It wasn’t until I started following Kristen Radtke on Twitter that I found out about Believer Magazine, a bimonthly publication that focuses on literature, arts, and culture. Radtke is the comics’ editor, and in early February she posted on Twitter about Matt Huynh’s “Cabramatta” being a National Magazine Awards finalist for Digital Innovation. When I saw this, I immediately went to Believer Magazine‘s website and read Huynh’s “autobiographical comic about growing up in a community of Vietnam War refugees resettled in Australia’s heroin capital.” Today, I want to look at some of the elements of the interactive version of “Cabramatta” that makes it so engaging.
HI LITTLE @believermag IS A FINALIST FOR THREE–THREE!–NATIONAL MAGAZINE AWARDS INCLUDING “CABRAMATTA” BY @matty_huynh, THE BIGGEST COMICS PROJECT I’VE EVER EDITED AND I HAVE NO CHILL ABOUT THIS SEND CHAMPAGNE NOW https://t.co/w6u3371rcI— Kristen Radtke (@KristenRadtke) February 6, 2020
Interactive comics are nothing new. They incorporate movement and sound to bring the text we would normally see on the printed page to an animated life, with panels moving in and out, objects moving within panels, and sound. The user, of course, controls each of these things, moving forward or backward throughout the narrative. While a printed comics page calls upon readers to engage with every panel on the page, or pages, in his or her own manner, the interactive version presents readers with a stricter trajectory throughout the text. This, however, does not diminish the effects.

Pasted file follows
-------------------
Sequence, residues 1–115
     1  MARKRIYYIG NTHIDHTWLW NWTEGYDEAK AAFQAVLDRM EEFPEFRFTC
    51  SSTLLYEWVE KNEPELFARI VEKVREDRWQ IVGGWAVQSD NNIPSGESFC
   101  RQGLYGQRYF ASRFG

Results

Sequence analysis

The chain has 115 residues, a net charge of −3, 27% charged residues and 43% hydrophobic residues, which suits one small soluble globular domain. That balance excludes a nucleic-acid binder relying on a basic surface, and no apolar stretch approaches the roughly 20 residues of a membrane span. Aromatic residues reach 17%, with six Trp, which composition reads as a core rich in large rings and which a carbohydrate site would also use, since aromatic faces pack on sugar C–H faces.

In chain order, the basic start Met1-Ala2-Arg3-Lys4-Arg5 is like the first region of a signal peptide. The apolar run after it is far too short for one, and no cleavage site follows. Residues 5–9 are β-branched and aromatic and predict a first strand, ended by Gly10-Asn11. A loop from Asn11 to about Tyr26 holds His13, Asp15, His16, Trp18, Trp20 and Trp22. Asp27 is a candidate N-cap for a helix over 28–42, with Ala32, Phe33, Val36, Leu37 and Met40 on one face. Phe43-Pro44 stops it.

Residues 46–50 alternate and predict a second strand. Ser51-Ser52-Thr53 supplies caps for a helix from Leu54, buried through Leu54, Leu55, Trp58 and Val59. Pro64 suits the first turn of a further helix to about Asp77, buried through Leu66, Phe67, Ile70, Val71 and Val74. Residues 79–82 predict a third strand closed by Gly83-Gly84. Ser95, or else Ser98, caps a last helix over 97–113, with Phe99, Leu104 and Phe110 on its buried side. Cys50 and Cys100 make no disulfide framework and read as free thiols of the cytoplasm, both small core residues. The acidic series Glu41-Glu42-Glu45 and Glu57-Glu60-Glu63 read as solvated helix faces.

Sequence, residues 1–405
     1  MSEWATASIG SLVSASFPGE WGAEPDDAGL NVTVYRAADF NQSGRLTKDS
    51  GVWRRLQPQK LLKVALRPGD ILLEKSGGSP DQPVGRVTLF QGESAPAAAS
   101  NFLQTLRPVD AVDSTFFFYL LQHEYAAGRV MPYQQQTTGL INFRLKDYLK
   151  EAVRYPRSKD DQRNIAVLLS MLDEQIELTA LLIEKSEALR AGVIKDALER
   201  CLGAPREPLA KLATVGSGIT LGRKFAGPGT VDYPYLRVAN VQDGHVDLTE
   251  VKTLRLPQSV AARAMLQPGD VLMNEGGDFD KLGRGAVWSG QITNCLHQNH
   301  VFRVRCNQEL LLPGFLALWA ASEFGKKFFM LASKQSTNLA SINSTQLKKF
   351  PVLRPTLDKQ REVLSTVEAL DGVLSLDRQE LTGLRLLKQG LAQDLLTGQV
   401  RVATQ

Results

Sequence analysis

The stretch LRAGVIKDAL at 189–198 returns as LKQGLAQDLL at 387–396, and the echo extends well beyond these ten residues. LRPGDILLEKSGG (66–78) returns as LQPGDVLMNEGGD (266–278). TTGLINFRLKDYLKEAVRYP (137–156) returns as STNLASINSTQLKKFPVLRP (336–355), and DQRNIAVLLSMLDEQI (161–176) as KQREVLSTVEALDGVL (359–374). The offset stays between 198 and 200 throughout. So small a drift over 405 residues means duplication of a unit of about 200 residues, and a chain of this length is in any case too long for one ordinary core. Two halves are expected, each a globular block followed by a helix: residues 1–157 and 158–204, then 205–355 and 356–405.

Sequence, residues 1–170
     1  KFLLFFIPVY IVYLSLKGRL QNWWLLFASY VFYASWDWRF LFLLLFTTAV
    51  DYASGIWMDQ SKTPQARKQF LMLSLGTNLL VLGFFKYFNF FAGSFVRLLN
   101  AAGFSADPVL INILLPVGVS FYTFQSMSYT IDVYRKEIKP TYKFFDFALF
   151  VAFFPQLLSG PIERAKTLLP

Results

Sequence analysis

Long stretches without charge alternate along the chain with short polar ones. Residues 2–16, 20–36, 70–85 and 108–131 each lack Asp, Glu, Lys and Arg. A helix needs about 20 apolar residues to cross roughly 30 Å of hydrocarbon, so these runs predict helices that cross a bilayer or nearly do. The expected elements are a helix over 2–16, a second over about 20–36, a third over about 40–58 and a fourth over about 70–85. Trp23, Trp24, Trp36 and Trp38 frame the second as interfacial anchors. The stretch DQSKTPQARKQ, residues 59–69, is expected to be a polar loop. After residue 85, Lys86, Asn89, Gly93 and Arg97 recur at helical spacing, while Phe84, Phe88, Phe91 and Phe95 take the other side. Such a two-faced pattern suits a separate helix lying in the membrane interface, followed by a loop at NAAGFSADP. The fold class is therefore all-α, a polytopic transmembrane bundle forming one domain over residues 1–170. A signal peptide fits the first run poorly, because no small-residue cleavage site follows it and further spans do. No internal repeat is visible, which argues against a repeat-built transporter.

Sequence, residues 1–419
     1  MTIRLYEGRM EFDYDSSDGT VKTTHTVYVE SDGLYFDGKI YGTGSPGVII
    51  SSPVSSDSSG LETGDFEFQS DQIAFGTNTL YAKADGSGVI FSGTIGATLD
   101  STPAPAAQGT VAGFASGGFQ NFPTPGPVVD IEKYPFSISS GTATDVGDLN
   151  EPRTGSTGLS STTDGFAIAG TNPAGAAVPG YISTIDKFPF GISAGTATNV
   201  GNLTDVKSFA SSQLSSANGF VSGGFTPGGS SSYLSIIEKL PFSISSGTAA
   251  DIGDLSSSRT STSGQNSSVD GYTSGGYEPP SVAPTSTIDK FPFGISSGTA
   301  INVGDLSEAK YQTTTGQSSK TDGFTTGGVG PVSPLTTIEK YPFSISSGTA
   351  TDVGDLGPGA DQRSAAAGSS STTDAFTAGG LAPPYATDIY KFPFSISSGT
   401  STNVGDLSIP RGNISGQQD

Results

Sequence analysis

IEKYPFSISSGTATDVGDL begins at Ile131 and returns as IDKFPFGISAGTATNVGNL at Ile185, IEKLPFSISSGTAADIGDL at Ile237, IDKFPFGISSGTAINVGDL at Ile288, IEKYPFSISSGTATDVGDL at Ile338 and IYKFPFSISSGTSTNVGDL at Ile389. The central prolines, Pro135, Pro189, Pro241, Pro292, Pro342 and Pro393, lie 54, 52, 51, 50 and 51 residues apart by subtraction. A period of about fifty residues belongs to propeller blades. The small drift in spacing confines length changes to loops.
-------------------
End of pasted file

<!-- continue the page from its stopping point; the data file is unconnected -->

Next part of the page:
The first thing, of course, that stood out to me when engaging with “Cabramatta” was the sound (music and effects) and the tactile nature of scrolling through the narrative. When we read comics on the printed page, we engage with sounds; however, as Scott McCloud points out, we do not hear anything when we see sounds on the page. At the beginning of chapter two, “The Vocabulary of Comics,” McCloud uses Renee Margritte’s “The Treachery of Images” to point out the ways that we think about reality and engage, mentally with texts. A the end of his introduction, he looks at the reader and asks, “Do you hear what I’m saying?” In the next panel, he has the same pose, answering his own question, “If you do, have your ears checked because no one said a word.”
Our mental ability to simulate sounds in our brain when we read words on a printed page is not unique to comics. In fact, we imagine what authors or characters sound like when we read essays, novels, short stories, and more. What is different, with comics, is that they call upon readers to engage in with the text in multiple ways, specifically visually and textually. While we may fill in he gutters, creators present us with images for the world, the ways characters looks, and we assume, I would say more than just reading a novel, what the character may sound like based on appearance.
With an interactive comic such as Huynh’s “Cabramatta,” we do not get characters’ voices, but we do get background music, ambient sounds, and sounds that directly engage with the narrative. Along with this, we get television broadcast of commentators and politicians spewing xenophobic rhetoric against Vietnamese refugees after the war and then Muslim refugees in the twenty-first century. These moments add to the overall feel of the narrative, a feeling of fear about the ways hat Australians view Huynh, his family, and others.